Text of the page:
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Government intervention necessary to draft overseas works into WA market

By Kyle Robbins
14 December 2022 | 11 minute read
peter gavalas resolve property solutions reb j8r4h4

One West Australian buyer’s agent has called for a rework of state and federal policies to better incentivise foreign workers into the state’s struggling workforce.

With most of the weekly inquiries from international workers enticed by working and purchasing a home in the state losing interest by the necessary taxes they would need to pay, Peter Gavalas, buyer’s agent at Resolve Property Solutions, believes change is needed.

“The minute I tell them about the additional stamp duty that foreign buyers get charged and the Foreign Investment Review Board (FIRB) application fees, they’re shocked and often say they can’t afford to buy,” he explained.

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While “some decide to rent instead”, he added, “others give up on Western Australia altogether and decide to migrate to another Australian state”.

Currently, foreign investors must apply to FIRB at a cost of $13,200 for a property valued between $75,000 and $1 million, with Mr Gavalas stating he yearns for the federal government to “show some flexibility” over the board. He did caveat that “it’s probably a bit much to expect them to change a national policy just for Western Australia”.

However, given stamp duty is a state-based taxation scheme — and one which charges foreign an extra 7 per cent in stamp duty, he believes “the Western Australian government can absolutely reduce or eliminate foreign transfer duty”.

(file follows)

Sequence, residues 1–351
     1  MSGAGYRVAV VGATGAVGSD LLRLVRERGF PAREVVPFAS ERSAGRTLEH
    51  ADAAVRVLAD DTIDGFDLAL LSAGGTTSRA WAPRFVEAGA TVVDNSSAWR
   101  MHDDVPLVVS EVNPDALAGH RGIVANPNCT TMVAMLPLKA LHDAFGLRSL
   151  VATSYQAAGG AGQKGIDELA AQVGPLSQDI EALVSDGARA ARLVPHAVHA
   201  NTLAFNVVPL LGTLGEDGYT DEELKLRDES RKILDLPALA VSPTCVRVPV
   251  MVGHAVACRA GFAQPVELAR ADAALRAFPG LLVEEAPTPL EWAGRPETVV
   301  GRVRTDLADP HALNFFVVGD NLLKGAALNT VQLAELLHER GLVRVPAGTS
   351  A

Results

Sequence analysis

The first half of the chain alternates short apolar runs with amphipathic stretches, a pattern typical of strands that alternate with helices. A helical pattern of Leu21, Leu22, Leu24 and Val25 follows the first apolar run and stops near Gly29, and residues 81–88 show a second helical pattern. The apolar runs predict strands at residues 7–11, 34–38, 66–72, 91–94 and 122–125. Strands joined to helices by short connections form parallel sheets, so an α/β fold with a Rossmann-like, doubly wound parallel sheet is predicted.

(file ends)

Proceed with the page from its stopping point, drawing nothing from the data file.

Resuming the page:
Overseas workers who purchase a $600,000 home in the state — $40,000 above the median price in Perth — face an additional $78,715 in regular stamp duty charges, foreign buyer stamp duty charges, and FIRB fees.

With a 3.5 per cent unemployment rate, the state needs workers. Mr Gavalas outlined: “The easier we make it for overseas workers to move to WA, buy a home, and invest in our state, the more people we’ll attract.

“[This] is crucial when every part of our economy is so desperate for workers.”

Mr Gavalas explained the state’s alarmingly low vacancy rate — 0.4 per cent — provides further motivation to incentivise foreign workers to buy rather than rent as “the last thing we want to do is increase tenant competition”.

Even with the McGowan government’s August announcement, it was temporarily altering its migration program to boost the state’s appeal to migrant workers; these changes were limited to waiving the $200 application fee, halving the requirement to have an employment contract to six months, and reducing requirements for applicants to demonstrate sufficient funds.

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